close
Advertisement
Can't connect right now! retry

add The News to homescreen

tap to bring up your browser menu and select 'Add to homescreen' to pin the The News web app

Got it!

add The News to homescreen

tap to bring up your browser menu and select 'Add to homescreen' to pin the The News web app

Got it!
 

December 7, 2015

The end of non-proliferation

Opinion

 
December 7, 2015

The Australian government made a grave error of judgement by agreeing to sell uranium to India; it is a reckless and dangerous decision that has weakened the already fragile nuclear non-proliferation regime and will have perilous consequences on international security.
It is mindboggling to think that Australia, a country that is party to all major non-proliferation treaties and international export control regimes has been so easily blinded by short-term economic incentives that it has compromised on its own moral and ethical principles by deciding to provide uranium to a country that introduced nuclear weapons in South Asia.
It is a well-known fact that India misused a research reactor, which had been supplied to them by the Canadians under peaceful uses conditions (similar to the current export deal with Australia) to illegally produce plutonium for the production of their first nuclear bomb, which they exploded in May of 1974.
At the time a number of states that were already signatories to the Nuclear Non-Proliferation Treaty (NPT), in an effort to counter future proliferation, acted swiftly to create the Nuclear Suppliers Group (NSG) to control the export and re-transfer of materials that could be used to develop nuclear weapons. The United States, Canada, Japan, France, Germany, and the United Kingdom spearheaded the creation of this multinational body.
There are 48 members of the NSG today, and it is ironic that nine of the 48 that were so committed to strengthening non-proliferation measures that they developed and/or supported the creation of the NSG as a response to India’s nuclear explosion are now willing to supply that same country with nuclear materials, helping it continue to vertically proliferate.
The nine NSG member states that currently have a civil-nuclear deal with India include Australia, the United States, Canada, Russia, France, Argentina, Kazakhstan, South Korea, and the United Kingdom. There are only two non-NSG member

states – Mongolia and Namibia – with a deal to provide India with uranium.
The only major holdout has been Japan but it seems that will likely change by the end of the year as President Abe gears up to visit New Delhi later this month.
The international community led by the US says that they are committed to nuclear non-proliferation but their actions serve as evidence of their hypocrisy. If the US and others want to do business with India and are willing to forego its past as a proliferator, then other weapon states outside the NPT should also be afforded the same privileges.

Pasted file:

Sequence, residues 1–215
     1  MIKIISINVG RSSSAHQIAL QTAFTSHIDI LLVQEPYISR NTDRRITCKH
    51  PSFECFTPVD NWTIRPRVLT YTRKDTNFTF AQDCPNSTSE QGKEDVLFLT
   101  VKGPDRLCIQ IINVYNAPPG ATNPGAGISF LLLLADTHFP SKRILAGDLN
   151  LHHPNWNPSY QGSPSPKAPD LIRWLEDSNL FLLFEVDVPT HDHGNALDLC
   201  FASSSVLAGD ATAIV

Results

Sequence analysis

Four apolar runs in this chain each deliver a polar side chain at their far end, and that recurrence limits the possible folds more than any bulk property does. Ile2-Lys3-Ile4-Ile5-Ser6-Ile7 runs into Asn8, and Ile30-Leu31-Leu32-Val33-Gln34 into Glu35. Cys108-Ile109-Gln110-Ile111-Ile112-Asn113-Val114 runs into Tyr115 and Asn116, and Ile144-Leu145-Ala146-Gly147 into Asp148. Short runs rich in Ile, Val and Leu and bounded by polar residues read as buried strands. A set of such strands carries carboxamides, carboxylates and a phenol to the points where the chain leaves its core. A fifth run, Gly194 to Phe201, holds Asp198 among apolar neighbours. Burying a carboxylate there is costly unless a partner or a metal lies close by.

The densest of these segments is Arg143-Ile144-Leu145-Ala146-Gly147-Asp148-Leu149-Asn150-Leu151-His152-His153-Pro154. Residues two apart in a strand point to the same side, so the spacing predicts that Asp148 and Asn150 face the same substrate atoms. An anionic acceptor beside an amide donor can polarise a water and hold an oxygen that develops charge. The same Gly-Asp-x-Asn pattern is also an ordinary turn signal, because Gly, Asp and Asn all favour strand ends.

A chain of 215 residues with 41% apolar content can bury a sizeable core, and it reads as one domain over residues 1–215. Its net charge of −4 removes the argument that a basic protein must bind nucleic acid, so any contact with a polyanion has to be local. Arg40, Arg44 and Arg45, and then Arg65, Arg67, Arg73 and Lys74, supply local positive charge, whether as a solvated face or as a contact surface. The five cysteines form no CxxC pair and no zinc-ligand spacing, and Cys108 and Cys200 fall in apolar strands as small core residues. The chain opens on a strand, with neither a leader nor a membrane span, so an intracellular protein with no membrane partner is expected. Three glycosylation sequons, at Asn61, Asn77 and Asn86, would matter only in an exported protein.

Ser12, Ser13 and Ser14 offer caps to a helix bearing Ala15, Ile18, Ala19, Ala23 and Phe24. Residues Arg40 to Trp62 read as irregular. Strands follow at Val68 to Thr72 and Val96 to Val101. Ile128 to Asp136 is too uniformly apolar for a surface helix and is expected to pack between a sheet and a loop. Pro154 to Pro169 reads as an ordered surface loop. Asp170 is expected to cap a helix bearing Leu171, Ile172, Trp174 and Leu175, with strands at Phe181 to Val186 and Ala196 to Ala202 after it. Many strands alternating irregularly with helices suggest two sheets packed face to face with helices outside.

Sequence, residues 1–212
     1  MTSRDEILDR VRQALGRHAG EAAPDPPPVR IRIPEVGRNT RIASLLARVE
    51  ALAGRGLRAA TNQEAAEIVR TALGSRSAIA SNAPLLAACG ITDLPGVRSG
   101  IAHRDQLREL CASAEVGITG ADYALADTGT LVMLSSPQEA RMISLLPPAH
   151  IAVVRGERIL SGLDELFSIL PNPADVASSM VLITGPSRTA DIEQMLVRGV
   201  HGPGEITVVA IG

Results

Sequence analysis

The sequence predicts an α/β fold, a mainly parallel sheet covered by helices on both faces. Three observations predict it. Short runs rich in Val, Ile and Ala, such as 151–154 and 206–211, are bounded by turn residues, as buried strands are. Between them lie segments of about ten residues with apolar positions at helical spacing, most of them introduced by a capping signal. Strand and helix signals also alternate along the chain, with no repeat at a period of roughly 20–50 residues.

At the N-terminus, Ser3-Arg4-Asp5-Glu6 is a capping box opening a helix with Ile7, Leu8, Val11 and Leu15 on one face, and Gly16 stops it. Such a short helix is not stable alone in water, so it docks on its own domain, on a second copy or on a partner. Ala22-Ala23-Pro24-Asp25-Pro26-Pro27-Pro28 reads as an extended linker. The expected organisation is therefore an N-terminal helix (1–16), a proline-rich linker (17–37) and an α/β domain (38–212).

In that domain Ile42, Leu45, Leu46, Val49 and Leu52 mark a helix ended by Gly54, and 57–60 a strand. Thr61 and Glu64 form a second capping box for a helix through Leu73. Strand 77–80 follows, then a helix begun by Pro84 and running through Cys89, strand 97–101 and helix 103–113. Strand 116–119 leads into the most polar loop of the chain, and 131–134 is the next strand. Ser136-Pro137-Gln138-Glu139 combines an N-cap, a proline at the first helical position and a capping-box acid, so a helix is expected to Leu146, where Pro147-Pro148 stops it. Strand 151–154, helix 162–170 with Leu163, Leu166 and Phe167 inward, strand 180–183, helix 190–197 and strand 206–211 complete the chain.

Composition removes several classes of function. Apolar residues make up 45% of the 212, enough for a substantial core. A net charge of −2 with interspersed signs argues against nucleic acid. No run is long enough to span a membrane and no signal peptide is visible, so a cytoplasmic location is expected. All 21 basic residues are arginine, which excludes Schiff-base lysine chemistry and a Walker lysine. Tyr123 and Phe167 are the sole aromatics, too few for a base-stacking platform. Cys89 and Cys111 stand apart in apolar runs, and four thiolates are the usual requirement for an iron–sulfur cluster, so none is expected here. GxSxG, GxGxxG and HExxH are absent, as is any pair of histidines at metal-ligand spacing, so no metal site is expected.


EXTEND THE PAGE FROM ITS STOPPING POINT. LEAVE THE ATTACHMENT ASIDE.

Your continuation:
The Indian case is confirmation that exemptions from the NSG and NPT can be made; in this case the exemptions should be based on criteria and anyone meeting those criteria should be able to conduct business to attain nuclear technology for peaceful uses.
If the criteria-based approach is not doable than the US, along with other states violating their NPT and NSG obligations, should stop talking about norms, morals, and ethics. They should not continue to make a fool out of a more than a hundred and eighty states.
There is no doubt that the Indian case has put the NSG and NPT in dire straits. The short-sighted actions of countries engaging India in nuclear trade have created untold new challenges for international security, and will eventually lead to the collapse of the non-proliferation regime.
There is no doubt in my mind that new nuclear power states will emerge. Having observed the special treatment given to India, it will be easy for them to argue that the NPT no longer holds any power, and is a relic of the past.
When you have countries like the US, Australia, Canada, France, and the UK helping a country like India actively proliferate, it proves that the international non-proliferation regime has failed.
It is not true when the US says that India has an unblemished proliferation record. Let’s not forget that it was the first country to proliferate in South Asia, and that too by violating its agreement with Canada, and using a Canadian supplied research reactor that was meant for peaceful purposes.
The stark reality is that the idea of the global nuclear non-proliferation regime has been lost to a system of practical geopolitics; all moral and ideological considerations have been tossed aside. There will be no hope for the longevity of the non-proliferation regime if those currently holding out – like Japan – also choose to violate their commitments to the NSG and NPT for the sake of short-term economic incentives. That will truly mean the end of the non-proliferation era.
I foresee a very dangerous future if we continue down this path and let the non-proliferation regime breakdown. This is a future on the edge of a nuclear Armageddon, where more and more states will begin acquiring nuclear weapons as they realise that the non-proliferation regime has collapsed, and NPT and other international treaties and institutions are powerless to stop them from acquiring the bomb.
This failure could be the first domino tile. This should not be acceptable to any of us.
The writer is an assistant professor at NUST in Islamabad. Twitter: @umarwrites.